The call for prayers comes as local communities ponder and issue more water use restrictions. For example, the Utah County Commission on Wednesday unanimously passed a declaration of emergency tied to drought conditions. It remains in effect through the end of the year unless otherwise terminated.

Utah County Commission Chair Bill Lee said the declaration was requested by "multiple mayors" in the county and will allow the county time to continue to educate residents about the drought and its effects.

"I am eager to stand with them in helping our communities to mitigate the negative consequences of the drought," he said, in a statement Wednesday. "I urge all Utah County residents to do their part to conserve water and help protect the health and safety of our residents by exercising common sense in preventing costly wildfires during these potentially dangerous times."

Just to name some of the most recent updates local governments have made, the Utah County order was passed a few days after Lehi city officials said they were considering possible water restrictions, including fines, tied to water shortages.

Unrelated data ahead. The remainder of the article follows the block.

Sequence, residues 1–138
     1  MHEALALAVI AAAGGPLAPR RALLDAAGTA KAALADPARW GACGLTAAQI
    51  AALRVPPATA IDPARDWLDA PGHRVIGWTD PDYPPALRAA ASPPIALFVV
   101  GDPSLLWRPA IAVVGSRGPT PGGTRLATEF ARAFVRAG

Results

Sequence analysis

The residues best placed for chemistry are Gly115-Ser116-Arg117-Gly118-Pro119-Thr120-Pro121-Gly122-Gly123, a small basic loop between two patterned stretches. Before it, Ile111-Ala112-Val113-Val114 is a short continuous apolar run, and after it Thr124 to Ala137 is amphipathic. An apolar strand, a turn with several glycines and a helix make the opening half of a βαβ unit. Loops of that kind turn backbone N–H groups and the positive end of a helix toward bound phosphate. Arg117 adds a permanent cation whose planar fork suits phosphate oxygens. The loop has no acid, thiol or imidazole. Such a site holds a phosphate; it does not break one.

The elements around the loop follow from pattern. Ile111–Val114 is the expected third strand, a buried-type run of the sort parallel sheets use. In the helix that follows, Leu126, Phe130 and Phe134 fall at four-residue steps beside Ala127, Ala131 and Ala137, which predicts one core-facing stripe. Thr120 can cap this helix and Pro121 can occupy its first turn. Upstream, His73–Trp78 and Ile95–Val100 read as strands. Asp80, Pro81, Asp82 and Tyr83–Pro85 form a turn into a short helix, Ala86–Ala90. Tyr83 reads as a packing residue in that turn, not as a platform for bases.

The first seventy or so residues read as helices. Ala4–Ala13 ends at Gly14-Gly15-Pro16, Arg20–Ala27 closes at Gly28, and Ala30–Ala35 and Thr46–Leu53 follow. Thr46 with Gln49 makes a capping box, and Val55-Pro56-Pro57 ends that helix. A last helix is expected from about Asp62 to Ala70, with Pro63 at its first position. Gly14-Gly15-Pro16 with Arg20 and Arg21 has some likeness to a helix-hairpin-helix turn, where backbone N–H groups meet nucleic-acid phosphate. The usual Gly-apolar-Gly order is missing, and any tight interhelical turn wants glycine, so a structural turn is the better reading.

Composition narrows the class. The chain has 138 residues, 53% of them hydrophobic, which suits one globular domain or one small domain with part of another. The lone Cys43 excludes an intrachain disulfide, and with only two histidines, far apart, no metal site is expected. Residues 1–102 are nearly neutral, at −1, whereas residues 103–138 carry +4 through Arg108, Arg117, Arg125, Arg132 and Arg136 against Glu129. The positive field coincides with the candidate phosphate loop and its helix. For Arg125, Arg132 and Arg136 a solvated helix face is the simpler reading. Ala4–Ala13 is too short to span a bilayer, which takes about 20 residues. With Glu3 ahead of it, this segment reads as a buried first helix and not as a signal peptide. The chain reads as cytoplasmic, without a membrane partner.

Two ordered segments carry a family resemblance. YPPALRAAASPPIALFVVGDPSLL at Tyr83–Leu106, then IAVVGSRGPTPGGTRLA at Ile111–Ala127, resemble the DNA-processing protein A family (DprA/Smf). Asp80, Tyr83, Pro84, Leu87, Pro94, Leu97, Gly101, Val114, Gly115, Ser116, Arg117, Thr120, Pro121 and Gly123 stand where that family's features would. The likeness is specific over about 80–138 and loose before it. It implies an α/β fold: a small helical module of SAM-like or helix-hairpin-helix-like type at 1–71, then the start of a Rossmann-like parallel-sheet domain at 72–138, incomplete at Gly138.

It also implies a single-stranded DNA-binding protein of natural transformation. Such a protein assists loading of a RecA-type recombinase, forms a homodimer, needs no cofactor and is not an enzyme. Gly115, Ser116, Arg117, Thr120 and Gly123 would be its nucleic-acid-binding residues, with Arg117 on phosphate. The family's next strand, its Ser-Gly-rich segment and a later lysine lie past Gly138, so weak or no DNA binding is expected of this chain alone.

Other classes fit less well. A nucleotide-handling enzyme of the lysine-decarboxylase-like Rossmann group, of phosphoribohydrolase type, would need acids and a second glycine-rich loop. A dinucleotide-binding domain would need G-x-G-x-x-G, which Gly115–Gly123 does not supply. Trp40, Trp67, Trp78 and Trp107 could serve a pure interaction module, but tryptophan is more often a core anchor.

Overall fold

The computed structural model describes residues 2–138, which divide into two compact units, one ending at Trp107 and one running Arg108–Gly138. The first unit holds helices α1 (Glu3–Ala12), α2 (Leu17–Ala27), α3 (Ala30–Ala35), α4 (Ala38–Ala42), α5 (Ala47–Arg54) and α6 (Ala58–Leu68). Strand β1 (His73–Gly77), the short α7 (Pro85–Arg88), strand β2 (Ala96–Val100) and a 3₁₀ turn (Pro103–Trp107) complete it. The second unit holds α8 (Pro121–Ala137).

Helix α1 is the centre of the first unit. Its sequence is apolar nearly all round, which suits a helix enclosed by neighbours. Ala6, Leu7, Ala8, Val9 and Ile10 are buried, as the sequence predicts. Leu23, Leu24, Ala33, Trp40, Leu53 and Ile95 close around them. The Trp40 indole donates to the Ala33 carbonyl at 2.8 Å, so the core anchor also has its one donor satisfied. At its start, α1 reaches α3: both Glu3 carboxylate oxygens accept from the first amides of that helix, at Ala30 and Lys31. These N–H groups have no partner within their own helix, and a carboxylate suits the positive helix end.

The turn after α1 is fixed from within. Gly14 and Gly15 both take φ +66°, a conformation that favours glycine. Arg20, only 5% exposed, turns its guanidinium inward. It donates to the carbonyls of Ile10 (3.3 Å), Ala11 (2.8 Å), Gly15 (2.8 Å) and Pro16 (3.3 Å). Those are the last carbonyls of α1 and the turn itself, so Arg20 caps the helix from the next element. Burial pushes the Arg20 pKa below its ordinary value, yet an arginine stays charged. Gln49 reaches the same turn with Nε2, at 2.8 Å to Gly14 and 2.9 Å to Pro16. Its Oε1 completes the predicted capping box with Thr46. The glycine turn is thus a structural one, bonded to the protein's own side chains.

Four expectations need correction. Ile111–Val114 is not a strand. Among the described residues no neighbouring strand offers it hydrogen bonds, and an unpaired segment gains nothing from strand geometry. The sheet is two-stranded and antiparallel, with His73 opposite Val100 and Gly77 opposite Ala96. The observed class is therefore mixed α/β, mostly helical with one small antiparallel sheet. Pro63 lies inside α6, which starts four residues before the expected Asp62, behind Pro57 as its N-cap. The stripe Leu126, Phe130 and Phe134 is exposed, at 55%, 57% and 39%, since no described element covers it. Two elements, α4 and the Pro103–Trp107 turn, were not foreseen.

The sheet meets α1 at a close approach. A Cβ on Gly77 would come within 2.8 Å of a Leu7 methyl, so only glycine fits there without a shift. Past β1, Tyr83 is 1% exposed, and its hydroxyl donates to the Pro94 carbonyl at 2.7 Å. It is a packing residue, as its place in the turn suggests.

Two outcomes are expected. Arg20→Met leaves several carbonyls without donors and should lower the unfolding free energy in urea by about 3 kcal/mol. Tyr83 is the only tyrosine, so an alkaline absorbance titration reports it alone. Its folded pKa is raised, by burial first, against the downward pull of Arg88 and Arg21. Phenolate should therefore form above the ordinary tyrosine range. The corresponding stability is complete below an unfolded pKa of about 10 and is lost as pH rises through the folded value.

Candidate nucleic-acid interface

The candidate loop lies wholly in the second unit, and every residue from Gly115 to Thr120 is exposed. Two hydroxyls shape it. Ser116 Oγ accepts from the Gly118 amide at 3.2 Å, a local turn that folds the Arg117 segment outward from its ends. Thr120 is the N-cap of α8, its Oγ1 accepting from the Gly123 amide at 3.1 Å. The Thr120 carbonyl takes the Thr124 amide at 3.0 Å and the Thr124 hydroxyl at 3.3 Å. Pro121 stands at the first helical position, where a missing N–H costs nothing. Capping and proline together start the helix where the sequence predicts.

In northern Utah, Pineview Water Systems managers said this week they may run out of water by mid-August if water is consumed at the rate it has been so far. Meanwhile, Salt Lake City moved to the second of its five-phase water conservation plan last week for the first time since 2004.

Cox issued two different executive orders this year tied to the drought: a state of emergency in March and an order to cut back watering at state facilities last month. Through those, the governor asked Utahns to find ways to cut back water use by taking shorter showers, fixing leaky faucets, watering their lawns less or by planting landscapes that don't require much water.

Related stories

Most recent Utah stories

Related topics

Utah waterOutdoorsUtahSouthern Utah
Carter Williams is an award-winning reporter who covers general news, outdoors, history and sports for


Get informative articles and interesting stories delivered to your inbox weekly. Subscribe to the Trending 5.
By subscribing, you acknowledge and agree to's Terms of Use and Privacy Policy.

KSL Weather Forecast